Macklemore has been an outspoken supporter of Palestinians since last year. Less than two weeks after the October 7 attack on southern Israel led by Hamas, which saw the deaths of at least 1,200 people and the taking of more than 250 hostages, he shared a post in which he mourned the loss of life in both Israel and Gaza.

“My heart deeply hurts for the Israelis that lost loved ones to such an abomination,” he wrote of the October 7 attack. ”… But killing innocent humans in retaliation as collective punishment is not the answer. That is why I am supporting the people around the world who are calling for a ceasefire.”

Later in the post, he wrote, “I stand for a Free Palestine and an end to the looming genocide of its people.”

In the same post, he referenced the controversial claim that criticizing the Israeli government is antisemitic. “I can whole heartedly (sic) love my Jewish brothers and sisters while simultaneously condemning the Israeli government for their mass killings and Apartheid.”

Macklemore also appeared at a pro-Palestinian march in Washington in November. In an Instagram post shared after the event, he said that he was heartened by “Jewish and Muslim youth marching side by side, belting words of resistance together.”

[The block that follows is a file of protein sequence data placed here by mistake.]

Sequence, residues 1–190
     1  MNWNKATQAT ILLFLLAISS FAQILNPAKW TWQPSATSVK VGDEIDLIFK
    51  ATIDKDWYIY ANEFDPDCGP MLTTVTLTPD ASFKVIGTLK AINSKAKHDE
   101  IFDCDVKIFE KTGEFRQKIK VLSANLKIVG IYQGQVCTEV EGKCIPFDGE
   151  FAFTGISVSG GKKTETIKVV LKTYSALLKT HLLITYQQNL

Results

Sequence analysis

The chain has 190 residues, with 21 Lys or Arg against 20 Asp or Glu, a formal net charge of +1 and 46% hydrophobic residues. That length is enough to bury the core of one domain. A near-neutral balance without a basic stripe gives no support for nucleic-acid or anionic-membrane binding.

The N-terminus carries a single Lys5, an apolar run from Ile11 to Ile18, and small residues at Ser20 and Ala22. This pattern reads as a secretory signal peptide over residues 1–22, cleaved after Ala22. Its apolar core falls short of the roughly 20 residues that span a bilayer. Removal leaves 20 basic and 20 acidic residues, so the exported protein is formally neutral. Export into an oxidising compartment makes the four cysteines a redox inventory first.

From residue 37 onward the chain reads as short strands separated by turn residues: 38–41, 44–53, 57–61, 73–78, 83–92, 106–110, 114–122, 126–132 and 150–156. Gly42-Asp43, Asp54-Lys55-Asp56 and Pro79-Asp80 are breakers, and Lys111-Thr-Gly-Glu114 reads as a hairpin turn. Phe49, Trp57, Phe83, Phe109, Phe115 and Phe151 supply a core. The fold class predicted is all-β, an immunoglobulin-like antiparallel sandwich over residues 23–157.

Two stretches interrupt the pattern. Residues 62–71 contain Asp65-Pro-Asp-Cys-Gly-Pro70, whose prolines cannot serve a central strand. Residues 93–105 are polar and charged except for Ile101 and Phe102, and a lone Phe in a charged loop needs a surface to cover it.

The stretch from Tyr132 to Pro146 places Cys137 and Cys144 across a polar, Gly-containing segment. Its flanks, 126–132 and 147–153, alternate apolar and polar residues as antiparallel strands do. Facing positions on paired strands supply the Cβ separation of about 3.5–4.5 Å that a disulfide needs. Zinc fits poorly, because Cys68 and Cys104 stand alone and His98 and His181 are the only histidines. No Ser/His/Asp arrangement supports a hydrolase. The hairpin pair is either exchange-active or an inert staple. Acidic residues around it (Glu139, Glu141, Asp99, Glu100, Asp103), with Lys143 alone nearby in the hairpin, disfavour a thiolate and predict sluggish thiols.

Macklemore has faced accusations of antisemitism before. In 2014, he wore what he called a “random costume” of a large fake nose and thick black beard to surprise Seattle concertgoers. Several detractors, including Seth Rogen, called his costume antisemitic, prompting Macklemore to “acknowledge how the costume could, within a context of stereotyping, be ascribed to a Jewish caricature.”

The rapper has made political statements throughout his career. He was nominated for a Grammy for the 2012 song “Same Love,” which advocated for LGBTQ equality and support for same-sex marriage. In 2016, he appeared on a remix of the YG song “FDT, Pt. 2,” which stands for “F**k Donald Trump.”

Macklemore continued to speak out against Trump after he entered office. And protesters on college campuses are still speaking out against the war on Gaza, even after some universities canceled or altered commencements and have already disciplined fellow student protesters.